US President Donald Trump’s reelection campaign has been videotaping voters at ballot drop boxes in Philadelphia, an illegal practice that Pennsylvania’s attorney general said amounts to voter intimidation.
Attorney General Josh Shapiro, a Democrat, said Pennsylvania law does not permit poll watchers to videotape voters at drop boxes, according to The New York Times.
"Our entire system of voting is built on your ballot being private and your choice to vote being a personal one," Shapiro said. "Depending on the circumstance, the act of photographing or recording a voter casting a ballot could be voter intimidation, which is illegal."
The Trump campaign made a formal complaint to Philadelphia officials on October 16, saying a campaign representative had found voters putting two or three ballots at drop boxes, instead of only their own.
The campaign said the conduct was a “blatant violations of the Pennsylvania election code,” according to a letter from Linda Kerns, a lawyer representing the Trump campaign, which was obtained by the Times.
"This must be stopped," said the attorney, who added that the findings "undermine the integrity of the voting process."
Pennsylvania is key to Trump’s reelection bid, but polls consistently show the president trailing Democratic challenger Joe Biden in the battleground state.
Pennsylvania law only allows voters to cast their own ballots unless they are assisting someone with a disability or another deterrent.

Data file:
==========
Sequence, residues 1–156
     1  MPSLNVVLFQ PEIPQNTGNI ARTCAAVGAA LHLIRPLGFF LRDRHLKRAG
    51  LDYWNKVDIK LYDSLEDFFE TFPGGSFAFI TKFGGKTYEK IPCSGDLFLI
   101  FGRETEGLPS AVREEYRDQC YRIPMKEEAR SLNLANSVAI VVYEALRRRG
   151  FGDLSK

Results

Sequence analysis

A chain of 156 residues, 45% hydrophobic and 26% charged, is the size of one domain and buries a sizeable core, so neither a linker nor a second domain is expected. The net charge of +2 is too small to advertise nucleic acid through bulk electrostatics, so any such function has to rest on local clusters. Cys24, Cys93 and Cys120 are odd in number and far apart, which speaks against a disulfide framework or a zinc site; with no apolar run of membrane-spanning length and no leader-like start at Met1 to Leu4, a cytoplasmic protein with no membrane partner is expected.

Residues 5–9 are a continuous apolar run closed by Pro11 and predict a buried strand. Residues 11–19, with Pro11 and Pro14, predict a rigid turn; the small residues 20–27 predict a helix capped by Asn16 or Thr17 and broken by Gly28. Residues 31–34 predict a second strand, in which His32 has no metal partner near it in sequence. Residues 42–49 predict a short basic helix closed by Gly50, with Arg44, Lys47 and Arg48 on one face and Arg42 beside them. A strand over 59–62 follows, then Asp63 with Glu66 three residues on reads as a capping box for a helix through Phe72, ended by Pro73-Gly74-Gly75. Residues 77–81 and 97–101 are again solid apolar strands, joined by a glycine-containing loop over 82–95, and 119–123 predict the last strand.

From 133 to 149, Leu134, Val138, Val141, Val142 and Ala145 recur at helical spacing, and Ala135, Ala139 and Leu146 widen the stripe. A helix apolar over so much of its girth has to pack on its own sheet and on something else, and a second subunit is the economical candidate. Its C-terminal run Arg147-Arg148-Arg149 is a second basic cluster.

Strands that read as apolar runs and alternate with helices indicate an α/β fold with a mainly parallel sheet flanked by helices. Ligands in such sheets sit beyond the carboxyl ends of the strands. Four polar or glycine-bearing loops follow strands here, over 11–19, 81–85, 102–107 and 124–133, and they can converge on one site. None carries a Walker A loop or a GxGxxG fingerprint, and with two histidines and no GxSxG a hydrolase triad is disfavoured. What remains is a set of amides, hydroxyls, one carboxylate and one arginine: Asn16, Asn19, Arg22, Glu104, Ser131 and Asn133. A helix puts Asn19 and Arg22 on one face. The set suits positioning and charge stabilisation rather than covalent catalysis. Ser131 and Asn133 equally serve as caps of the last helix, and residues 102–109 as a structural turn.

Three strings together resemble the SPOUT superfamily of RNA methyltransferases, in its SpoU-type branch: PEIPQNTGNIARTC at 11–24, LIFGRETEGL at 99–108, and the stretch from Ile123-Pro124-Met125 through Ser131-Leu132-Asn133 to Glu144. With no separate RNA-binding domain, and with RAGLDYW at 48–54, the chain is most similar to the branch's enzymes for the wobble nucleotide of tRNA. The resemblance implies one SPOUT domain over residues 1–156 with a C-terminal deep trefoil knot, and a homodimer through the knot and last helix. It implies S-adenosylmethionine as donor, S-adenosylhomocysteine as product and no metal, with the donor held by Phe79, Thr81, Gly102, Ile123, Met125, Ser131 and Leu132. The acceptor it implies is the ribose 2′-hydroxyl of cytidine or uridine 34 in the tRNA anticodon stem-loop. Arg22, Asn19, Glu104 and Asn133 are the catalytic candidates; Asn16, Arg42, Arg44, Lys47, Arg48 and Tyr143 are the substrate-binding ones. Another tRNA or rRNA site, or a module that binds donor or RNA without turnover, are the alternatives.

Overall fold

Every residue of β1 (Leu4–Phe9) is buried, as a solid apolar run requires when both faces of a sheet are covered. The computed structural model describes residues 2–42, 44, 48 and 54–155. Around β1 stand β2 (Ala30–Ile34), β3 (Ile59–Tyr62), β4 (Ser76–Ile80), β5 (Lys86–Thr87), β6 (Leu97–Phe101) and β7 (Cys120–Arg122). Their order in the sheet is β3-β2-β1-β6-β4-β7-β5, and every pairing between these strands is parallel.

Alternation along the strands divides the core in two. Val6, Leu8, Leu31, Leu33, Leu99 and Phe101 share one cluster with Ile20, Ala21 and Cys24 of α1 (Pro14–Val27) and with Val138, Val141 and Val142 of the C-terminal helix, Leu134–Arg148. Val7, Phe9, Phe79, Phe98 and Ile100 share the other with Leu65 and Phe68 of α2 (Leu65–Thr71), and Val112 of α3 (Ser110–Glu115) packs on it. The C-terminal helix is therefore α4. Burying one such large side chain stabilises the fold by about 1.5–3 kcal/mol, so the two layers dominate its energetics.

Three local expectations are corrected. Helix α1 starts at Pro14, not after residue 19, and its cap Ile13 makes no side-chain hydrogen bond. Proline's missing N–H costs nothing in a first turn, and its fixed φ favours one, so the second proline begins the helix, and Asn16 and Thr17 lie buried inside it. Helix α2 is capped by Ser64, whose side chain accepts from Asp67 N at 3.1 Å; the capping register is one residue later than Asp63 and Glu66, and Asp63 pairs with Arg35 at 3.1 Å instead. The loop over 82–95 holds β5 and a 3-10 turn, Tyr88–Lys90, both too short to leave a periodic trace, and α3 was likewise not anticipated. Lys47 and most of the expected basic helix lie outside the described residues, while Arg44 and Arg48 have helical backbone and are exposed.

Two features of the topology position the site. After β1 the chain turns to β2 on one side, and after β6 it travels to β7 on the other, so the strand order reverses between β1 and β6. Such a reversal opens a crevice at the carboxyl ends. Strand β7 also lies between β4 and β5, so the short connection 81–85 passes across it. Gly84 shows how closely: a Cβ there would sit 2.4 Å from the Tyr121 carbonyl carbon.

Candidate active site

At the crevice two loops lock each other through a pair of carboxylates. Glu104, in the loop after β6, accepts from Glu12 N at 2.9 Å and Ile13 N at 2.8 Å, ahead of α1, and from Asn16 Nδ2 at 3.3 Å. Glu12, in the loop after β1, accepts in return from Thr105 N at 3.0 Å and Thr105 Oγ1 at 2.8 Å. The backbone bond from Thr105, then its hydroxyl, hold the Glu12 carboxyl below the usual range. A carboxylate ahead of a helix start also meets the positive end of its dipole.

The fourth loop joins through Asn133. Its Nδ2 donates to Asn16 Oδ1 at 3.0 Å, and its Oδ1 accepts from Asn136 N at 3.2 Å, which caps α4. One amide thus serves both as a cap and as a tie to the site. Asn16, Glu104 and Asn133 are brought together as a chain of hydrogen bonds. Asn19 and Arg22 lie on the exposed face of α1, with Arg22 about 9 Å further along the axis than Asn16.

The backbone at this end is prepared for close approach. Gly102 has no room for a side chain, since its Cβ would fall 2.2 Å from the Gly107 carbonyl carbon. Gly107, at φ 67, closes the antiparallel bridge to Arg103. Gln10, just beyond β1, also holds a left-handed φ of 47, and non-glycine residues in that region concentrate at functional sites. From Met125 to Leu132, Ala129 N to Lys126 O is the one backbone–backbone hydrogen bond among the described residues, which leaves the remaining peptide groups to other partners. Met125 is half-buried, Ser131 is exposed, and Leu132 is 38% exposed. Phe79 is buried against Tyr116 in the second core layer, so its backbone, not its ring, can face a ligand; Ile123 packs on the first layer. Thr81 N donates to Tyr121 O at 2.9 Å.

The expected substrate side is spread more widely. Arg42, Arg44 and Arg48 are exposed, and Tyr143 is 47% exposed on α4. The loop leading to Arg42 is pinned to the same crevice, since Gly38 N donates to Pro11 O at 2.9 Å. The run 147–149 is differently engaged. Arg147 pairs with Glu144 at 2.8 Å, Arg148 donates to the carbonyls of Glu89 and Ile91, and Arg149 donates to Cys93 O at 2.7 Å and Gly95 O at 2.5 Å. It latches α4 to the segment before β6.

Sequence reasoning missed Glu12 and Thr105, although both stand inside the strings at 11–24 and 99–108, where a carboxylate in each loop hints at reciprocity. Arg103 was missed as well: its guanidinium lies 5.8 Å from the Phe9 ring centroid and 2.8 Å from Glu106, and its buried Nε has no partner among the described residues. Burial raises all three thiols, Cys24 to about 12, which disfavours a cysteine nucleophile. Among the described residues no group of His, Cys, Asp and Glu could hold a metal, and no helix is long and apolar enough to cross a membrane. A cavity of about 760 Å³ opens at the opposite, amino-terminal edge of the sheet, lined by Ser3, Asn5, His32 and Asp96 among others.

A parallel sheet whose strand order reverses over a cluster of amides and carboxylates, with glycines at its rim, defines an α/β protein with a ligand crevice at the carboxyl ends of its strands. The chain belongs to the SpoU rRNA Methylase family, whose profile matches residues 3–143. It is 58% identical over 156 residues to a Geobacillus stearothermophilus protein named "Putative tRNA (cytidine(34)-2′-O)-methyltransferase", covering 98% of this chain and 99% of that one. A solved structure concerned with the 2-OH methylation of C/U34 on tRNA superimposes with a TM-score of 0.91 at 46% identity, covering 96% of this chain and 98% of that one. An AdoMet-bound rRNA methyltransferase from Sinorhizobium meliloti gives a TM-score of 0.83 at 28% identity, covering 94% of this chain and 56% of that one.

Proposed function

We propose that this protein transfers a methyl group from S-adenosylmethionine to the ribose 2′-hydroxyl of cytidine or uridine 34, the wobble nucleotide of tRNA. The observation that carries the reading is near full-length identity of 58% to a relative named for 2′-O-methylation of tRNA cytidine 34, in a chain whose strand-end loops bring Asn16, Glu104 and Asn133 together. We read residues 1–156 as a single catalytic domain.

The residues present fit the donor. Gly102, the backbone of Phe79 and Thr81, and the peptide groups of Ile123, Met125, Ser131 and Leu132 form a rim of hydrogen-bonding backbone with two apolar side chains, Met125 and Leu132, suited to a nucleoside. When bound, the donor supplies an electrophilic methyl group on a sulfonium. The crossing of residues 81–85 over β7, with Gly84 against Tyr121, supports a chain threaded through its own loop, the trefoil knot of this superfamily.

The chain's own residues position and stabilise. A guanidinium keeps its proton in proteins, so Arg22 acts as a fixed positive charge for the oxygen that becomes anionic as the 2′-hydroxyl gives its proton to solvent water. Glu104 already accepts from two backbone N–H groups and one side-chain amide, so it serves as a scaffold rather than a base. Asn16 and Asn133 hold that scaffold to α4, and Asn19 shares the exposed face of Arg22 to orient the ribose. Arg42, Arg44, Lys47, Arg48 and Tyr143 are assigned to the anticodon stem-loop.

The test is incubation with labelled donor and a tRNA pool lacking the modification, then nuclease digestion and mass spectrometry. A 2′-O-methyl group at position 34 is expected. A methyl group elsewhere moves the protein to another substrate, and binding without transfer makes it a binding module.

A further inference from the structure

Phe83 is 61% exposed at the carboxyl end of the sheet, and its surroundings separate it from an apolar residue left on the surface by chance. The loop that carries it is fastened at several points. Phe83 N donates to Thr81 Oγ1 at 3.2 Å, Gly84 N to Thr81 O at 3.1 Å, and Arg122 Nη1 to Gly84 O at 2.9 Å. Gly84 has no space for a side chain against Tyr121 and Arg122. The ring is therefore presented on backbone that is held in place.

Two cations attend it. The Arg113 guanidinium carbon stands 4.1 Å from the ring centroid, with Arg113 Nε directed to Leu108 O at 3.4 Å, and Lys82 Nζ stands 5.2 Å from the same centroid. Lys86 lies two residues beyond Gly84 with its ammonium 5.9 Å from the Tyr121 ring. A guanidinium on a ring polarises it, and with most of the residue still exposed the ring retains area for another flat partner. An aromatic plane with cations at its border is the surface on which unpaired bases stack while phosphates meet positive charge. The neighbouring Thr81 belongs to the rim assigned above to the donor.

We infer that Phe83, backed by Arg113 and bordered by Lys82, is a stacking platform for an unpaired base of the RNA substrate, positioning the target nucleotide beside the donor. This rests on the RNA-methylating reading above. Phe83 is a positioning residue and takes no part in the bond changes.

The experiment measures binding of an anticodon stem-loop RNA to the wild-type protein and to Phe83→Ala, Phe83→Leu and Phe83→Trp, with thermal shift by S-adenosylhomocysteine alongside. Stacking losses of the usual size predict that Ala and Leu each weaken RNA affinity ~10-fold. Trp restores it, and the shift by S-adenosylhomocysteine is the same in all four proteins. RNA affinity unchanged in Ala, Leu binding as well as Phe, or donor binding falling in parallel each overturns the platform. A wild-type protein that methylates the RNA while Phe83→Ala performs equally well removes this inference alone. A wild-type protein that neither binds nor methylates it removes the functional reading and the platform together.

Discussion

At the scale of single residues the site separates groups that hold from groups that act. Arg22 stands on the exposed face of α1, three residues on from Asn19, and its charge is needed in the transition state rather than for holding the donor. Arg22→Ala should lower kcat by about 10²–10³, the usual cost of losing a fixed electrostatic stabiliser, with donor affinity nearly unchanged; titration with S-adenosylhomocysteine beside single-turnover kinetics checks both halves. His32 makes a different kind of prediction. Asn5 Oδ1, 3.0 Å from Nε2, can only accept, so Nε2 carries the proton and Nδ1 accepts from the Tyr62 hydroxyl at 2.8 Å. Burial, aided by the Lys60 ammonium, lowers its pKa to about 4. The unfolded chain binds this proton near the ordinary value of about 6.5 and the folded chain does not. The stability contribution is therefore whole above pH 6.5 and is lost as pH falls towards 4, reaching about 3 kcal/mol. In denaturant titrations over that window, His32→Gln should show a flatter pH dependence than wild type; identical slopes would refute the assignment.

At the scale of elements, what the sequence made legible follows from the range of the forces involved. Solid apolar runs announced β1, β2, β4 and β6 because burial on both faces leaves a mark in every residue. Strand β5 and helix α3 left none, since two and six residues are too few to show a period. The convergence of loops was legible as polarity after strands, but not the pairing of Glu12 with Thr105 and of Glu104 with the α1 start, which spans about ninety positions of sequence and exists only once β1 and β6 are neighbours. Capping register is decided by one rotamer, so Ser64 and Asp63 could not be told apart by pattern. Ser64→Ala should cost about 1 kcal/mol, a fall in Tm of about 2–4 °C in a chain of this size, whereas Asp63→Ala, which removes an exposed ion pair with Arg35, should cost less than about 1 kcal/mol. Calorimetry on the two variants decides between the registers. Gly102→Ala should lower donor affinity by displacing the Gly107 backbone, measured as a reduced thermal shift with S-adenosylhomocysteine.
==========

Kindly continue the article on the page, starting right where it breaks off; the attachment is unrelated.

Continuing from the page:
"Third-party delivery is permitted in certain circumstances," said Benjamin Field, a deputy city solicitor and counsel to the city Board of Elections,
The Times suggested that the Trump campaign’s aggressive strategy in Philadelphia is aimed at cracking down on people delivering ballots for family members or anyone else who is unable to do so themselves.
The surveillance of voters aligns with a broader strategy by the campaign to amplify relatively minor voting issues to bolster claims by Trump that the election is rigged.
In recent months, the president’s campaign has been calling on supporters to enlist alongside “battle-tested Team Trump operatives” to monitor ballot boxes, part of an effort to find evidence to back up Trump’s unsubstantiated claims about widespread voter fraud.
There are concerns that the Trump campaign’s push to create “an army of poll watchers” will result in his far-right supporters showing up at polling stations to intimate voters on Election Day.
Voting rights activists and government officials said they worry Trump's supporters will scare away Democratic voters fearful of confrontation, especially the minority voters.
During the first presidential debate late last month, Trump personally appealed to his supporters to “go into the polls and watch very carefully.”
Trump has repeatedly refused to commit to accepting the outcome of the November 3 election, claiming that mail-in voting is vulnerable to widespread fraud and accusing the Democrats of trying to steal the election.